Extradition of Paramilitary Leaders Undermines Para-Politics Investigation
In the early hours of May 13, Colombian security forces transported 14 high-ranking paramilitary leaders from their prison cells to an aircraft that whisked them out of the country and to the United States. Colombia’s President Alvaro Uribe had ordered that the paramilitary leaders be extradited to face drug trafficking charges in the United States because, as Interior Minister Carlos Holgumn stated, “In some cases they were still committing crimes and reorganizing criminal structures” from their prison cells. The paramilitary leaders were engaged in a demobilization process that called for them to confess their crimes in return for reduced jail sentences. In their testimonies, several paramilitary leaders revealed links between the right-wing militia organization and elected officials and multinational corporations. By extraditing the paramilitary leaders, President Uribe has ensured that they will do no further harm to himself and his political allies as he has effectively stymied future investigations into the so-called para-politics scandal.
Sixty-one elected officials, the majority of whom are political allies of President Uribe, are currently under investigation for ties to right-wing paramilitaries belonging to the United Self-Defense Forces of Colombia (AUC). Thirty of the officials are already in prison, including the president’s cousin and former senator Mario Uribe. Much of the evidence linking the politicians with the AUC has come from testimonies provided by paramilitary leaders as part of the demobilization process.
For President Uribe, the demobilization of the AUC—the country’s principal violators of human rights—was supposed to represent a peace feather in his cap. The original goal of the demobilization was to have the paramilitary leaders serve prison terms as short as 22 months—once the negotiating process was considered as time served and good behavior was taken into account. In return, the paramilitary leaders would demobilize all their fighters, confess their crimes and completely dismantle their criminal organizations, including their drug trafficking networks—or at least appear to do so.
However, due to international pressure and virulent protests from sectors within Colombian civil society, Uribe was forced to revise the plan to provide the AUC leaders with a virtual amnesty, instead insisting that they serve eight years in prison. The paramilitary leaders responded by threatening to withdraw from the process. Uribe then ordered them transferred from the ranch in northern Colombia where the negotiations had taken place to maximum-security prisons.
The original plan hatched between Uribe and the AUC leaders began to unravel as animosity between the government and the paramilitaries intensified. Demobilized paramilitary leaders soon began revealing ties between the militia and elected officials allied with the country’s president. The para-politics scandal has not only undermined the legitimacy of the Colombian government, it has also hurt Uribe’s efforts to sign free trade agreements with the United States and Canada.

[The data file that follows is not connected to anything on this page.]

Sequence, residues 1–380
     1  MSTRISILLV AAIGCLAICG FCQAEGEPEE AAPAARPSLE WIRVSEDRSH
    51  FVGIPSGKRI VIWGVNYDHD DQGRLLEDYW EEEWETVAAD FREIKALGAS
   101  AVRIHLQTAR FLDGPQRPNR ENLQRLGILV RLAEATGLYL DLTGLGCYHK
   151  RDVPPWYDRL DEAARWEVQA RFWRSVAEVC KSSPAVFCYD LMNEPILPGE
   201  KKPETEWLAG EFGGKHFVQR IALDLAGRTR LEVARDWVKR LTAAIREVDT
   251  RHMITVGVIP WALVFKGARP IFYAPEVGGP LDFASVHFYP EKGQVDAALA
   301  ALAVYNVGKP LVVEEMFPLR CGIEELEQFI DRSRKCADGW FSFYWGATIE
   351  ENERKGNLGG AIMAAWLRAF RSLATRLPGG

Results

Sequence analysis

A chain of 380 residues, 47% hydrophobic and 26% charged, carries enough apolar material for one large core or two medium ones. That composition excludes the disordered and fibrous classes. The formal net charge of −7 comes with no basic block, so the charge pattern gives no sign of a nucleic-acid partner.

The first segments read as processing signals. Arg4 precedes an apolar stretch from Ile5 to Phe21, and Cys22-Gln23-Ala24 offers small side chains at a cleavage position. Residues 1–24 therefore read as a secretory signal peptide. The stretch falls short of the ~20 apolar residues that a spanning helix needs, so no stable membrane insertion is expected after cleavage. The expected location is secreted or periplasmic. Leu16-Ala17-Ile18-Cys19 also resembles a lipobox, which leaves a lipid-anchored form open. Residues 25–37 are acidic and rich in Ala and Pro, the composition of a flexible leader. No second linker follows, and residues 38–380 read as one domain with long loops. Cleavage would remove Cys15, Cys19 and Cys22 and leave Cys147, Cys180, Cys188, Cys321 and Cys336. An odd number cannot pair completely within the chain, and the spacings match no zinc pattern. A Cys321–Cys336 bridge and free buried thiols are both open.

With the paramilitary leaders safely ensconced in maximum-security prisons, there was no need to secretly whisk them out of the country in the middle of the night. Even if they were still managing their illegal activities from within their prisons cells—and they likely were—the Uribe administration could have allowed the AUC leaders to complete their testimonies before announcing its intention to extradite them. However, to do so would have ensured that Uribe and his political allies would have become further enmeshed in the para-politics investigation.
The most effective way of silencing the paramilitary leaders was to extradite them to the United States where they will stand trial on drug trafficking charges. Meanwhile, their human rights abuses and links to Colombian officials will be considered irrelevant to the cases against them and so will remain secret. In all likelihood, as has occurred with FARC guerrilla leader Simón Trinidad since he was extradited to the United States, the paramilitary leaders will be kept in seclusion making it impossible for them to make public any new evidence that could prove uncomfortable for Uribe and his political allies. Furthermore, the Bush administration is more than happy to oblige Uribe efforts to thwart justice given that the Colombian leader is Washington’s closest ally in Latin America.
President Uribe likely knew that any prior announcement of his intention to extradite the paramilitary leaders would have resulted in a significant backlash from the political opposition, criminal investigators and human rights organizations, all of who would demand that he allow the testimonies to continue. With some of the most prominent paramilitary leaders, including AUC chief Salvatore Mancuso, now in US prisons, it will prove much more difficult for prosecutors to effectively investigate the links between politicians and the right-wing death squads. Claudia Lopez, an independent investigator, acknowledged this new reality when she declared, “They’ve taken away all the witnesses.”